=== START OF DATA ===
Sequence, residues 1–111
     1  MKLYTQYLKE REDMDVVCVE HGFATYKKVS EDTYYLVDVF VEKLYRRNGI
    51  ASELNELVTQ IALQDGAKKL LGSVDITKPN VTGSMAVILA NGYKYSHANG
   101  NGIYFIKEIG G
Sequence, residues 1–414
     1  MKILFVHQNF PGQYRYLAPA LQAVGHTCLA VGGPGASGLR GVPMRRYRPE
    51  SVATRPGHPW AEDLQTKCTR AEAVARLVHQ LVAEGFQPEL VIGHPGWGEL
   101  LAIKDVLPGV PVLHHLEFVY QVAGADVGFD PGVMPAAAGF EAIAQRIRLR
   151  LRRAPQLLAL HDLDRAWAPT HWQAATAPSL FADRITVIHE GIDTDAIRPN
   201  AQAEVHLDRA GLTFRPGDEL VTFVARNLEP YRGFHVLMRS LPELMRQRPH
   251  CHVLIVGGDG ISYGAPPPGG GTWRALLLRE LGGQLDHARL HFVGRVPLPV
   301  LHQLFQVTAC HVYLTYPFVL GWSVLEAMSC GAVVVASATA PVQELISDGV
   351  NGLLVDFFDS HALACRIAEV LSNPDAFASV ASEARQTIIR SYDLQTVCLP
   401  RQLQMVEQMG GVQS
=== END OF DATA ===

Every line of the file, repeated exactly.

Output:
Sequence, residues 1–111
     1  MKLYTQYLKE REDMDVVCVE HGFATYKKVS EDTYYLVDVF VEKLYRRNGI
    51  ASELNELVTQ IALQDGAKKL LGSVDITKPN VTGSMAVILA NGYKYSHANG
   101  NGIYFIKEIG G
Sequence, residues 1–414
     1  MKILFVHQNF PGQYRYLAPA LQAVGHTCLA VGGPGASGLR GVPMRRYRPE
    51  SVATRPGHPW AEDLQTKCTR AEAVARLVHQ LVAEGFQPEL VIGHPGWGEL
   101  LAIKDVLPGV PVLHHLEFVY QVAGADVGFD PGVMPAAAGF EAIAQRIRLR
   151  LRRAPQLLAL HDLDRAWAPT HWQAATAPSL FADRITVIHE GIDTDAIRPN
   201  AQAEVHLDRA GLTFRPGDEL VTFVARNLEP YRGFHVLMRS LPELMRQRPH
   251  CHVLIVGGDG ISYGAPPPGG GTWRALLLRE LGGQLDHARL HFVGRVPLPV
   301  LHQLFQVTAC HVYLTYPFVL GWSVLEAMSC GAVVVASATA PVQELISDGV
   351  NGLLVDFFDS HALACRIAEV LSNPDAFASV ASEARQTIIR SYDLQTVCLP
   401  RQLQMVEQMG GVQS